If you live in Gordon Terrace or Maglin Terrace, care about your neighborhood, enjoy helping others and have a few hours to spare each month, Fort Gordon's Residential Communities Office has an opportunity for you.

Both communities are in need of assistant mayors to help represent its residents.
The Mayor Program is a volunteer-based Army program whose primary duty is to help ensure the well-being of residents.

Each of the installation's six neighborhoods, with the exception of Boardman Lake, which only has three homes, has a mayor and assistant mayor position under the Mayor Program.
Sylvia Thigpen, Residential Communities Office liaison, said that any adult may become a mayor or assistant mayor as long as they live in the neighborhood.

"Active duty, spouses, civilians, retirees -- anyone can volunteer," she said.

Participants in the Mayors Program meet monthly with the Housing Services Office and quarterly with the Garrison command team as a means to directly communicate any issues or concerns on behalf of their neighborhood's residents.

Petty Officer 2nd Class Marshall Smoke, Navy Information Operations Command -- Georgia, served as mayor of Olive Terrace between March 2017 and Dec. 2019. Smoke said that he and his wife were friends with the neighborhood's former mayoral team, who asked if the Smokes would like to take over since they were moving.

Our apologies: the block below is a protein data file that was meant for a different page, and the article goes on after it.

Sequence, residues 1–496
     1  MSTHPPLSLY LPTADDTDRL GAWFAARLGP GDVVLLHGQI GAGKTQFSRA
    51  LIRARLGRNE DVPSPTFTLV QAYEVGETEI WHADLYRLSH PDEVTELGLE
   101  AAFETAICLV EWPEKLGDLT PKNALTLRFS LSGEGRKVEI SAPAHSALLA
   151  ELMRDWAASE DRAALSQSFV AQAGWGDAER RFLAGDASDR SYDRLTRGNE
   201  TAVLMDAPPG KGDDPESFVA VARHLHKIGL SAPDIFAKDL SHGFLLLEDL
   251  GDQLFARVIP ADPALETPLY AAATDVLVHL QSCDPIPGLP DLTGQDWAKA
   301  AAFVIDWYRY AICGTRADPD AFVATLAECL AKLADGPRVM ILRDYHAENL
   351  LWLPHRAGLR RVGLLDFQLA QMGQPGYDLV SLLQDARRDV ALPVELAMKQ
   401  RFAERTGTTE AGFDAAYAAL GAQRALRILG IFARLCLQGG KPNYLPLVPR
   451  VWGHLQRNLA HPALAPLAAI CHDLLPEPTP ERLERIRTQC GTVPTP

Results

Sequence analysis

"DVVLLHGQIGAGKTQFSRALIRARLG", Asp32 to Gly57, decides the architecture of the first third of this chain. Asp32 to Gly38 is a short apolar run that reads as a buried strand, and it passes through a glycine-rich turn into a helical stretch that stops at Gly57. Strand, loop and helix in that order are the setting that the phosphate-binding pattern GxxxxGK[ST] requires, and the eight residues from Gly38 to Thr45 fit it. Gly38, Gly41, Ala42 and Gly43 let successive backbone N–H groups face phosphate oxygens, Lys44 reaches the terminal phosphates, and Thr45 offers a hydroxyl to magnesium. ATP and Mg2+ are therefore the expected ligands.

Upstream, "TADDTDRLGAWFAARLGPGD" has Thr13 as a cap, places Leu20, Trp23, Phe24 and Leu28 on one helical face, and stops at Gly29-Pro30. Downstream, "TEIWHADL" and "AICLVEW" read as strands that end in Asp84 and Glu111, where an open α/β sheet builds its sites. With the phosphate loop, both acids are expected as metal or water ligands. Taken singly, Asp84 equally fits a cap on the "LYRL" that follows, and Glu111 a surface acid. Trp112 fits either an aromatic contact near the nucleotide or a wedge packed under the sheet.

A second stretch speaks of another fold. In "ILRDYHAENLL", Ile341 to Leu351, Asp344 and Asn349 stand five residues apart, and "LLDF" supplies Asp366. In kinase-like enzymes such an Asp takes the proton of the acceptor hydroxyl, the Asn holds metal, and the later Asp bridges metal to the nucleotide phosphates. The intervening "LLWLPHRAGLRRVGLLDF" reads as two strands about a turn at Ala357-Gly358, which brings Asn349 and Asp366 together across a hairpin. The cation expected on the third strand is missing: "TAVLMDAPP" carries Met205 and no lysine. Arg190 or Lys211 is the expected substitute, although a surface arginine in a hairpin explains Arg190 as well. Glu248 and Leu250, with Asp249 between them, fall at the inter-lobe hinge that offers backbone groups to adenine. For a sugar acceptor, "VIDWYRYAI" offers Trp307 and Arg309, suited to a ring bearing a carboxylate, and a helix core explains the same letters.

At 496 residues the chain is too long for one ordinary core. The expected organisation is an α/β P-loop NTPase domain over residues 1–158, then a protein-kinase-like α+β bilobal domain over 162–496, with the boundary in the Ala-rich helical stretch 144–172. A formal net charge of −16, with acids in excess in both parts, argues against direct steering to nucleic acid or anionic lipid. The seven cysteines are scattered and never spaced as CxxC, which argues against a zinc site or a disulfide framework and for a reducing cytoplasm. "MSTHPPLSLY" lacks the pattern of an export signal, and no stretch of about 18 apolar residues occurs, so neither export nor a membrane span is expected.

"We were always out in the neighborhood going for walks, we knew a lot of people in the neighborhood … and it just kind of fell into place," Smoke said.

Smoke's wife joined him as assistant mayor. Together, they served as administrators of the Olive Terrace Facebook page, encouraged people to attend community events such as cookouts and movie nights, and disseminated information relevant to housing. Perhaps the most significant aspect of their duties was being able to serve as a voice for their neighbors.

"We were essentially a liaison between Garrison, housing and the residents," Smoke explained.

Smoke received an Army Achievement Medal for the impact he made during his time as mayor. Accolades or not, Smoke said he would serve all over again if presented with the opportunity.

"It was fun," he said. "It gets you more involved with the community, gives you a chance to inspire others to make change, and gets you out meeting people."

Thigpen encourages anyone with the slightest interest in becoming part of the Mayors Program to reach out to her.

"I think people overthink it," Thigpen said. "It's really not as contentious as people make it out to be."

To volunteer or learn more information about becoming an assistant mayor, contact Thigpen at Sylvia.i.thigpen.civ@mail.mil or 706-791-7067.